Way back in the mid-1980s, when the disco gods appeared over the Chicago skyline and proclaimed, "Let there be house," his acolytes responded, "And let it be deep." And it was good.
Slower, moodier, and more sensual than most other club-music forms — heir to disco at its most mirrorball-blissful — deep house has survived for nearly three decades, staying mostly out of the spotlight, consigned to warm-up sets and after-hours reveries. But lately, it has bubbled back to the surface.
This month, the soulful sound scored a No. 1 hit on the U.K. pop charts with Storm Queen's "Look Right Through," a '90s-flavored song by Metro Area's Morgan Geist and busker extraordinaire Damon C. Scott that was first released on Geist's Environ label in 2010. It was a more recent remix from '90s deep-house mainstay MK (Marc Kinchen), and a summer's worth of heavy club play, that finally pushed it to the top slot, on the back of MK's recent success with remixes for Lana Del Rey, Sky Ferreira, and Disclosure.
"Look Right Through" wasn't a fluke. Duke Dumont's "Need U (100%)," another U.K. No. 1, has logged more than 17 million plays on YouTube; its plunging bass line and sub-aquatic keyboard stabs are direct descendants of Kerri Chandler's deep-diving take on New Jersey garage. Disclosure, the year's biggest dance-pop crossover success story, draw heavily from the deep-house playbook in their lanky grooves and woozy atmospheres. Behind them, there's a veritable groundswell of deep-house revivalists: Jamie Jones, Maya Jane Coles, Breach, Dixon and the Innervisions crew, Axel Boman, Hot Since 82 — even Bloc Party's Kele Okereke has plunged into the full-fathom sound.
In fact, 21 of Beatport's current Top 100 tracks are tagged as deep house. That doesn't make it the most popular genre on the site, but after big-room electro house, it's tied for second place with progressive house, and boasts a stronger chart presence than tech house (14 tracks), house (12), indie dance (four), and techno and trance (two apiece). Remember dubstep? That particular wub-genre doesn't have a single song in the Top 100.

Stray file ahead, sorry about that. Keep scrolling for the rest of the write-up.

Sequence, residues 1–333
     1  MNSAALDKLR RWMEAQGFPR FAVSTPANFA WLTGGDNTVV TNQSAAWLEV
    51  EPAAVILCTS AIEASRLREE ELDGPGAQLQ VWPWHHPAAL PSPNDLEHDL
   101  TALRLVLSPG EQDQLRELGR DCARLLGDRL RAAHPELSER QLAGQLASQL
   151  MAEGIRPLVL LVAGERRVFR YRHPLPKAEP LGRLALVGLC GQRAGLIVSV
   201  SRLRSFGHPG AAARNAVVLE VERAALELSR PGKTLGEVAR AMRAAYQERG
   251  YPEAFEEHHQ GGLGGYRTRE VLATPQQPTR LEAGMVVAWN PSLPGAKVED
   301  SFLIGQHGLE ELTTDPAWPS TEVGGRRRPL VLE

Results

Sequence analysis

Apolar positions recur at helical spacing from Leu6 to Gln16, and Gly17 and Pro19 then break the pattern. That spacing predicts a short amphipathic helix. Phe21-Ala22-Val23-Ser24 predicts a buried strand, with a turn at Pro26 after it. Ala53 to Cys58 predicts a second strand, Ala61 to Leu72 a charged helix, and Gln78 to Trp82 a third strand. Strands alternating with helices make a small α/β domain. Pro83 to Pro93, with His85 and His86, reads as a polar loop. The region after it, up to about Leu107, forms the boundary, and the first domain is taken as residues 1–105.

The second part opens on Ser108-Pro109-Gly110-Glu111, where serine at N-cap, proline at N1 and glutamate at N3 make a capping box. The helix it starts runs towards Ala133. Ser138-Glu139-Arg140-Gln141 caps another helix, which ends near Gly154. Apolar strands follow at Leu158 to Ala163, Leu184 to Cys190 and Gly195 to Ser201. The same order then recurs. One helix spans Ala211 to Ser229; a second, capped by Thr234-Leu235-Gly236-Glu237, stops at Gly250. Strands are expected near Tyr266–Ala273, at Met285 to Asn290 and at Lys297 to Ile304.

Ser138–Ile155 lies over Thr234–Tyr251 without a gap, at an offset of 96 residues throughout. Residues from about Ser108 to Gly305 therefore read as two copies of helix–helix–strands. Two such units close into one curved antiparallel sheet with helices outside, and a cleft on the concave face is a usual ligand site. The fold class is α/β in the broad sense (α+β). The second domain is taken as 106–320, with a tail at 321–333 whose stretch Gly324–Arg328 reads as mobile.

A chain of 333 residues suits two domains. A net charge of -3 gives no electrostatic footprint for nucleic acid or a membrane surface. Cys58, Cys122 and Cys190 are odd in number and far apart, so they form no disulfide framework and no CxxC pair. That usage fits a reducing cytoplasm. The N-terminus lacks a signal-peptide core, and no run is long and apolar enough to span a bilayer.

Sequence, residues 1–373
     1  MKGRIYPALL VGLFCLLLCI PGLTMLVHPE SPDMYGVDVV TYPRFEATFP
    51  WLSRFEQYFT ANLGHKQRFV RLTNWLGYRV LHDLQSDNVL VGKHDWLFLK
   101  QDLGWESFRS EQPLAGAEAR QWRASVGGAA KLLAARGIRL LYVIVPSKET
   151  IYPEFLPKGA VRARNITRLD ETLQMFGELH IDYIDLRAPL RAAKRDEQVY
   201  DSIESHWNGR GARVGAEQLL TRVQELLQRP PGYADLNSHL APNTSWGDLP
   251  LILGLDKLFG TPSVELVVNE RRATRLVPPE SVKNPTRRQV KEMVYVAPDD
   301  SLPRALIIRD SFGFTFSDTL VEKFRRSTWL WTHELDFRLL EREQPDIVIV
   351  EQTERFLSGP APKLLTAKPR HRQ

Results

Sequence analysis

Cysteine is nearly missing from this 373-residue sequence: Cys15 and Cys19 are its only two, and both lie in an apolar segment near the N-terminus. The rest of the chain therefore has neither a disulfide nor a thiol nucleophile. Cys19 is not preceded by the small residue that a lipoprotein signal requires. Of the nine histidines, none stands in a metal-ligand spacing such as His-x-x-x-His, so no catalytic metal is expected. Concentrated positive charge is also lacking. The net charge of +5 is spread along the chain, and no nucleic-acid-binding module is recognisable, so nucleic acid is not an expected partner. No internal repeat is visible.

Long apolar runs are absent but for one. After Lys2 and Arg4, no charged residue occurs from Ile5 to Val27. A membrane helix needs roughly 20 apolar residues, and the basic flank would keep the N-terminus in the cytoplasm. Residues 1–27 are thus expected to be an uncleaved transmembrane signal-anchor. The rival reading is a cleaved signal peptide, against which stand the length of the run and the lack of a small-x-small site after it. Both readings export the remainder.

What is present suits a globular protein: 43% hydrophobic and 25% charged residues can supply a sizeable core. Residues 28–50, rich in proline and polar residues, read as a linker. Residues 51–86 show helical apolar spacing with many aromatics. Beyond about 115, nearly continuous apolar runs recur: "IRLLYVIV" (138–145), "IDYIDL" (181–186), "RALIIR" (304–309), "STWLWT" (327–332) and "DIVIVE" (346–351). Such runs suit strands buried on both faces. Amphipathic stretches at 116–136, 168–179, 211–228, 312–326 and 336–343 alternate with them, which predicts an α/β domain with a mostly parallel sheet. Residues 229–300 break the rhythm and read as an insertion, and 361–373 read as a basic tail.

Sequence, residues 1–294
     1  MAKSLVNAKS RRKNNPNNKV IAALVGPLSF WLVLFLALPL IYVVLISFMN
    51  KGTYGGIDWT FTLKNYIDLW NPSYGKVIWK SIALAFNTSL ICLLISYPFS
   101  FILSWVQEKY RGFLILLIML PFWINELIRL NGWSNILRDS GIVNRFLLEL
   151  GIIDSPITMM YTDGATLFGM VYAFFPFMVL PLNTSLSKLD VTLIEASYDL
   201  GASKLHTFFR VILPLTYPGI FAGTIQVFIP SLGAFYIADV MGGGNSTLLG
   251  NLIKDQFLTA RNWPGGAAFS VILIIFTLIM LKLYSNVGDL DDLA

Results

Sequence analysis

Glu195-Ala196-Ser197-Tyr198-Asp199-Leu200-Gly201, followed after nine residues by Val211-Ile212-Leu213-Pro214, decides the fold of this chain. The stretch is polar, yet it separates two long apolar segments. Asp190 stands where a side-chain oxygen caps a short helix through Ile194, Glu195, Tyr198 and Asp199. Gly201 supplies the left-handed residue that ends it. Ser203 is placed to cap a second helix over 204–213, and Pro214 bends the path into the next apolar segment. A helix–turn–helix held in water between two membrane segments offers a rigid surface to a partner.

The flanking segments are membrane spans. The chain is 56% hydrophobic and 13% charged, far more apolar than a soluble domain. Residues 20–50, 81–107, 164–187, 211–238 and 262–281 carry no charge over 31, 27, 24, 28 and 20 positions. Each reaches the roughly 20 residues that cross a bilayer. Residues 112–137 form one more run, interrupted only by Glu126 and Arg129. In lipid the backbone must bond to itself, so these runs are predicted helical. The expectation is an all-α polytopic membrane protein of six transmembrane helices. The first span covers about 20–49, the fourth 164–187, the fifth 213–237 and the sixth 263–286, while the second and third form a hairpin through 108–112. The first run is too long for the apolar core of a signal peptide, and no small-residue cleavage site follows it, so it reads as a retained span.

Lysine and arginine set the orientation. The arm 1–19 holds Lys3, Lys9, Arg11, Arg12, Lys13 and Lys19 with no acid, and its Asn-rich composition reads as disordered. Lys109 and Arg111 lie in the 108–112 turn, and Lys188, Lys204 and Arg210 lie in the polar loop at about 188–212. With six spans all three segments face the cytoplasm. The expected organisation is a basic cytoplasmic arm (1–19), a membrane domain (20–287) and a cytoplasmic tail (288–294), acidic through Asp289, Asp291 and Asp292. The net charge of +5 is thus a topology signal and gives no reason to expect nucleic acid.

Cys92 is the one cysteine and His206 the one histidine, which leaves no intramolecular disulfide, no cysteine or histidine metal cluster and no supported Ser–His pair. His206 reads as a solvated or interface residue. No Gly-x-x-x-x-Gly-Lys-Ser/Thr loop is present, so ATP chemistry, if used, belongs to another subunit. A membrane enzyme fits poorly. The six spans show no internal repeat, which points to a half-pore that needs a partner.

A few years ago, that would have been unthinkable; deep house's moody pulses were drowned out in a cacophony of lasers and jackhammers and drops. But deep house's deliberately low profile is beginning to bear out the old meek-will-inherit-the-earth maxim.
Why now? In part, it's a reaction to the ubiquity of EDM at its most garish and bottle-serviced. Warm, moody, sometimes hesitant, and often melancholic, deep house is the antithesis of mainstream EDM's harder/faster/stronger ethos, that capitalist ego-topia fueled by cheap presets and dodgy Molly, hell-bent on success. Deep house is contradictory, wracked with doubt, so full of blue notes it bleeds indigo. It's pro-sadness on the dance floor; pro-pathos in the mix.
Ironically, the success of deep house as an alternative to big-tent EDM has helped it creep towards the mainstream. Pete Tong's "Essential New Tune" selections increasingly lean toward deep house breakout stars like Jamie Jones and Richy Ahmet, while the rest of his show favors crossover cornballs like Afrojack and Avicii; even trance grandmaster Tiësto now has a weekly deep house radio show on Sirius XM.
We'll be the first to admit that some of the attention has been misplaced. A lot of what gets flogged as deep house right now isn't really worthy of the name; it's mid-tempo, pop-dance fare with a 2-step twist, or it's snoozy, monotone background music tailor-made for SEO plays on YouTube channels emblazoned with soft-lit hipster cheesecake. In fact, "deep house" itself is a retrospective term; in their heyday, many of the first songs in the canon were simply considered "house," full stop. It was only later that a style assembled itself around the template those originators had set.
So what classifies as deep house today? Some basic guidelines: The four-to-the-floor pulse is imbued with a suggestive bit of shuffle and swing, with accents on the two and four. The grooves are more restrained than techno's, leaning back rather than barreling forward. The tempo generally runs between 118 and 125 beats per minute, although there are many outliers. More than anything, deep house is rich in harmony and atmosphere, buoyant as a jellyfish, bursting with lush textures and phosphorescent tones. Taking the definition of deep house at its most elastic, we've selected 40 songs that trace its evolution across 27 years, one inky chord at a time. PHILIP SHERBURNE